Tag Archives: Sweeden

Lessons I Learned While Traveling Through Countries Along Baltic Sea

16 Sep

During our two-week cruise of the Baltics, we visited Holland, Denmark, Germany, Russia, Finland and Sweden.   I never realized how close these countries are to each other, just hours away across the Baltic.  And I never realized how intertwined their histories made their peoples and languages and flags!  The architecture repeats itself in every city as influences of Sweden, Denmark, Holland, German and Finland structures can be found in all the cities, and a combination of these styles.

I met many tour guides.  Some were better than others.  But several gave sound advice that I want to remember forever.  In fact, I need to share them.

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Typical steps of unexpected heights!

We spent two days in St. Petersburg and had an excellent guide on our first day.  A retired engineer, she was now guiding tourists through the maze of royal palaces.  Her excellent advice: “Be aware of steps/stairs of unexpected height.”   I think it was her engineering background speaking. But it was so true.  With the cobblestone streets and the old buildings, many times we faced stairs and steps of unexpected height.

Often as we crossed the street or entered a building she would intone, “Be aware of steps of unexpected heights!” Her words resonated through my mind many times during the nine-hour day of touring.  I think, thanks to this lesson, we never fell, we were always aware, no matter what country we were in.

Another day in St. Petersburg, another tour guide with a different message. (She was a retired college professor.) “Don’t demonstrate your water bottle.”   I think what she was really saying is don’t make a big deal out of things.  It was very hot when we were there. Unexpectedly warm.  And many people had water bottles with them.  I kept mine on the bus. But others, especially older adults, needed their water.

However, at certain places, you are not supposed bring a water bottle in.  However, with the heat, they were making exceptions.  So, our guide said.  “Water bottles are not allowed, but don’t demonstrate your bottle. Put it in your back pocket and go through security.”  I guess if the guards wanted to take it away, they could. But not hiding, while at the same time, not making an issue of it, was the best policy. Thus several of our comrades on the tour kept their water bottles with them throughout.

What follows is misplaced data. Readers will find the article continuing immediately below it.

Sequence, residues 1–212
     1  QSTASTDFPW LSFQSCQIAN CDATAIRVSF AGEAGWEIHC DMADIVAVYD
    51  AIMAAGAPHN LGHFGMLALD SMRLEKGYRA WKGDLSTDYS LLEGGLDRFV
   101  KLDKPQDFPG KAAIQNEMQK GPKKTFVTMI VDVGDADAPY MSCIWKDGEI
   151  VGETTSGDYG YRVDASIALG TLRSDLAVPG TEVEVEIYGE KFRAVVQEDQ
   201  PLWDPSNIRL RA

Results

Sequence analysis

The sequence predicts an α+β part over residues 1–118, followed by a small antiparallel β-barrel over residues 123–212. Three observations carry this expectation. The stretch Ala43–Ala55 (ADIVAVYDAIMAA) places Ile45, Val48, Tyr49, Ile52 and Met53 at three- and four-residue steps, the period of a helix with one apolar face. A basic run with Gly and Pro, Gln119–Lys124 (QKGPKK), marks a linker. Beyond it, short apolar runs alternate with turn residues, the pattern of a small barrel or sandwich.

In Denmark, I learned two important lessons.  The guide we had on a day when it was pouring rain, told us that in Denmark the saying is, “There is no bad weather, only bad clothes.”  I concur.  I had packed our Land’s End raincoats and good walking shoes.  We stood in the rain, without getting really wet, as the water skimmed over our coats, while others were drenched.  Meanwhile,  all around us, the Danes walked freely without umbrellas, ignoring the weather and  just strolling through town in the rain.

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He was wearing good clothes as he splashed in the puddles.

I especially enjoyed seeing a young boy dressed in his very good rain clothes and boots splashing through all the puddles in a park as his Mom pushed his stroller as she ambled along next to him.  Good clothes do make a difference!

I will admit, the first tour guides words resonated with me during the rain in Denmark. As we walked the cobblestones and the steps of unexpected heights, I looked down and carefully placed my feet on the wet and slippery walkways.

The Danish tour guide’s other lesson was that umbrellas are not needed because they don’t work. Also true.  I had an umbrella at the beginning of the day. While we walked the streets of the city, it seemed fine.  But by the time I returned to the ship, the only place for that twisted and ragged umbrella was the trash.  You do not need an umbrella in Copenhagen or Arhus.  You just need good clothes!

I loved our tour guide in Stockholm.  She had an attitude that I appreciated.  The problem with most tours is that some people are always late, taking up time from everyone else.   She kept a steady pace wherever we went, shouting back to the slower walkers, “You can’t get lost, there is only one way to go …straight.”

She told us outright, when we left for a short period of time on our own, after she showed us the main square, that if we did not make it back to our bus at the assigned time, she would assume that we were staying in town.   We were adults and we could find our own way back.

And I appreciated that she said that, but then her soft side showed.  We had one woman on our tour who walked slowly using a cane.   When she and her husband were not back at the bus on time, our guide said, “I am just going to check the corner to see if they are coming.”  We all agreed that was a great idea.  And it was, as the couple were slowly moving up the hill and being careful on the steps of unexpected heights.